This week has a bit of everything that is important: politics (yes, the government will remain open but not one human I know in the markets was worried about any impact of a shutdown), monetary policy, a possible healthcare vote, a ton of economic data (April data in particular after a punk Q1) and a slew of more earnings. And most of the rest of the world is off today. Also of note today will be the CNBC interview with Ben Bernanke today, the King of Debt. Not because of his personal balance sheet but because of the enormous debt he all encouraged us to take on over the past 15 years. Yes, he saved the world in 2008 but he and Greenspan played with the matches in the 2000’s.
Ahead of this and two months after seeing a record net short position on the part of non commercial traders in the US 10 yr futures, longs are now at the highest since January 2008. See chart. I continue to believe the US 10 yr yield will predominantly trade in the 2.30-2.60% range until proven otherwise with the push and pull being the actual growth and inflation data keeping a lid on it on one side while on the other, we’ll see less central bank suppression this year across the curve and hopes for growth via tax cuts.
I keep highlighting the incoming data that has pointed to a turn for the better in global trade and we got more evidence that it continued into April. South Korea said its exports in April jumped 24.2% y/o/y, well more than the estimate of up 17%. Imports were higher by 16.6% which missed the forecast of an 18.7% rise. The trade surplus, to the dismay of President Trump, Secretary Ross, and Peter Navarro rose to $13.3b, the most since at least 1969 when data was kept. The exports were driven mostly by ships, semi’s, steel and auto’s. The Kospi was closed overnight while the Won is little changed. Assuming no bombs are dropped in the region, I continue to be bullish on the South Korean stock market due to a cheap valuation and the catalyst for change in the structure of the Chaebol’s which could lead to higher ROE’s, a valuation shift upward and higher dividends.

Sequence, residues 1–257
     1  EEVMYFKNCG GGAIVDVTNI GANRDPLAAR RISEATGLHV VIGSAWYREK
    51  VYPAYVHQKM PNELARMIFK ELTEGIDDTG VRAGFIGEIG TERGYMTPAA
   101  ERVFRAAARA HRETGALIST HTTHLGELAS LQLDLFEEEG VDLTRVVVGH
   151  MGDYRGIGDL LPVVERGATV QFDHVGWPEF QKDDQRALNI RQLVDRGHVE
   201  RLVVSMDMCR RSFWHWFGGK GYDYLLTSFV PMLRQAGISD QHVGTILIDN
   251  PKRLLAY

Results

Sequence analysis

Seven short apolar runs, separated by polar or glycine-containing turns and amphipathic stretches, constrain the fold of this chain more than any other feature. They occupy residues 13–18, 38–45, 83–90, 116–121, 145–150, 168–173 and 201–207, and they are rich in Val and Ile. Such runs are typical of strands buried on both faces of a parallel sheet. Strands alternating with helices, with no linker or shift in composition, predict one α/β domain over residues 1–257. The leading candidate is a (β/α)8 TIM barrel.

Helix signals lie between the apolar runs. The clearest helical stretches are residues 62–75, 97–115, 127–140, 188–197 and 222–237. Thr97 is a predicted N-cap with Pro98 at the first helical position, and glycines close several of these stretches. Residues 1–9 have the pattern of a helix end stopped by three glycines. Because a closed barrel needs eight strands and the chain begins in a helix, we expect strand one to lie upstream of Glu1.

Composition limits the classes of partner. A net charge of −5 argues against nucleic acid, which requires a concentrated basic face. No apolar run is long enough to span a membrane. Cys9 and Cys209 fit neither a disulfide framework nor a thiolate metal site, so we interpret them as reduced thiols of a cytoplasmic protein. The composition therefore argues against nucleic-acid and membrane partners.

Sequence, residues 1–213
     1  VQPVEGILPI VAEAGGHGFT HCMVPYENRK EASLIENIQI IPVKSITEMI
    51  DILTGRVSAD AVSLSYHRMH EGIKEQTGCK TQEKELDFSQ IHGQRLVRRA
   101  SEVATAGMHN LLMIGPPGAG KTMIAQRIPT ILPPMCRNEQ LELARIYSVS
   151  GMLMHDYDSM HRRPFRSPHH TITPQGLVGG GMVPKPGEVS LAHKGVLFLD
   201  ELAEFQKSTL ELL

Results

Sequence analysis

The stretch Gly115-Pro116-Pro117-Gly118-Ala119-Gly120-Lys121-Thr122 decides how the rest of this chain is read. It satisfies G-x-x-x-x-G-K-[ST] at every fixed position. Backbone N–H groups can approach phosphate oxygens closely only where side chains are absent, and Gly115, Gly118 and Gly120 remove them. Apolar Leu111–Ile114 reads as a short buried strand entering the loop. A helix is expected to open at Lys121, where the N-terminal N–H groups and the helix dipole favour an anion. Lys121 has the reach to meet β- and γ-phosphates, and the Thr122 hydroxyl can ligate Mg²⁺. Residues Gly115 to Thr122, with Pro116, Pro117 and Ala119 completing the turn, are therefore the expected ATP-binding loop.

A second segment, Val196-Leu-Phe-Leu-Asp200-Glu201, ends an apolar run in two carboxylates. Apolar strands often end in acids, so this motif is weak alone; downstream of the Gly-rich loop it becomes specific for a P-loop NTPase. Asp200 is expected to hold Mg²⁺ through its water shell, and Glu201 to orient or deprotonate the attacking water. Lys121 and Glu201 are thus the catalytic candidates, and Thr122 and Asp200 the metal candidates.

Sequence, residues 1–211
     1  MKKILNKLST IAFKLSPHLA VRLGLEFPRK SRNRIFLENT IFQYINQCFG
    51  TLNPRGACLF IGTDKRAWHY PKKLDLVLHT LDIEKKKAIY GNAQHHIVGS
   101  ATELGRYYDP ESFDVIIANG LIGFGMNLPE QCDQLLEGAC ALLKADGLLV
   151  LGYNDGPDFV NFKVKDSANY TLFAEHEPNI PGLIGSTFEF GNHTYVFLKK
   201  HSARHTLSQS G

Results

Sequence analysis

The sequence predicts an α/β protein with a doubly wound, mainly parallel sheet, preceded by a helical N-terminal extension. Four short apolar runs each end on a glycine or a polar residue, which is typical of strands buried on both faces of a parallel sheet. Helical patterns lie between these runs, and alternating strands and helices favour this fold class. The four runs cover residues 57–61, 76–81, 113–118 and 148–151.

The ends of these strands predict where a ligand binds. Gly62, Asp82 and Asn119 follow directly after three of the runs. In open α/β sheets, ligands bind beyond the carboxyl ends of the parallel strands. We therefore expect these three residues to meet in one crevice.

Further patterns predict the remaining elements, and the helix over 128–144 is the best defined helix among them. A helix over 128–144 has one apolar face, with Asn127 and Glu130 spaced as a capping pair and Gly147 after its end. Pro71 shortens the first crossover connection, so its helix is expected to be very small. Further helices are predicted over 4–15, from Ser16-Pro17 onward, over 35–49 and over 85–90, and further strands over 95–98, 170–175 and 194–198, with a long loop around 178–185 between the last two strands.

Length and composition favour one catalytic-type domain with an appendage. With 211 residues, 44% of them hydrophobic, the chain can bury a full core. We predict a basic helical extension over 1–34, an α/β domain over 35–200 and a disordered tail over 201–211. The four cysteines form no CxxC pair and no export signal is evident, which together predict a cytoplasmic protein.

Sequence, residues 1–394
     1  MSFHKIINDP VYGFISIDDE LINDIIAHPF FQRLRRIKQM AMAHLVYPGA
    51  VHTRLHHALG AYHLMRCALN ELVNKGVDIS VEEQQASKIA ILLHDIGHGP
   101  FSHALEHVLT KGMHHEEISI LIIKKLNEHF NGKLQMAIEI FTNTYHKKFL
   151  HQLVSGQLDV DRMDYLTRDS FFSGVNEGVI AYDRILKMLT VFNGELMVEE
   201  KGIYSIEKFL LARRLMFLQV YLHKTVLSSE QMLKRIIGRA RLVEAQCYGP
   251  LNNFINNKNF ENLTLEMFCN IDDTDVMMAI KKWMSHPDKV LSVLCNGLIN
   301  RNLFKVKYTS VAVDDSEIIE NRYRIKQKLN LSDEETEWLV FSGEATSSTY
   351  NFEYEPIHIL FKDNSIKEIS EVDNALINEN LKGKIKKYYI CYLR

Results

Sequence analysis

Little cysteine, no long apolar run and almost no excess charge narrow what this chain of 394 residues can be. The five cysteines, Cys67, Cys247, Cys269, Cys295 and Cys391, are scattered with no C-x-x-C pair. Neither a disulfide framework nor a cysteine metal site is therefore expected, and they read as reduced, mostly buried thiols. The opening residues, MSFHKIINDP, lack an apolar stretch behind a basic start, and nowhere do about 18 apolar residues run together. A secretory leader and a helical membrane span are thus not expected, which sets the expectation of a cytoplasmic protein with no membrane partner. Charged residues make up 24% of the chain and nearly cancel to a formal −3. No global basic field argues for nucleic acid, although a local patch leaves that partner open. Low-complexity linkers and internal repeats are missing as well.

Over the weekend China reported its state sector weighted manufacturing and services PMI’s. The former fell to 51.2 from 51.8 and that was below the estimate of 51.7 and the lowest print since September. This index has basically fluctuated between 49 and 52 over the past 5 years which is essentially breakeven give or take. All the key components were down m/o/m with particular weakness in input and output prices in response to the sharp selloff in iron ore and steel prices. For services, which does include property, the PMI fell to 54 from 55.1 and that also matches the weakest read since September. New orders were barely above 50 while employment, export orders and backlogs all remained below it.
Bottom line, after a slight upside seen in Q1 growth, maybe the attempts in reigning in excessive leverage is beginning to bite in Q2. China remains on this hamster wheel of accumulating too much debt which is generating slowing growth at the same time Chinese authorities play the game every once in a while of trying to reign in leverage. As to this last point, a PBOC senior official said today: “China’s overall leverage is reasonable but rising at an alarming pace, especially in the financial sector” and “excessive economic stimulus is harmful for China and would lead to high leverage ratios.” I keep talking about some of the punch bowl being taken away by the Fed, ECB, and maybe the BoE and BoJ this year. Well, China is too taking away some of the juice. As markets there were closed, I’ll cite the response in copper which is down by 1/3 of a percent. At $2.60 per pound it’s off its high in February of $2.80 but is still 30% above the bear market low in January of last year and it was the supply side that drove the rally.
Lastly, in a poll released today by Opinionway, Emmanuel Macron has a 61% to 39% lead over Marine Le Pen. The euro is little changed just below $1.09 as this spread hasn’t changed much. I continue to like the euro here as pressure mounts on Draghi to announce another taper as early as next month.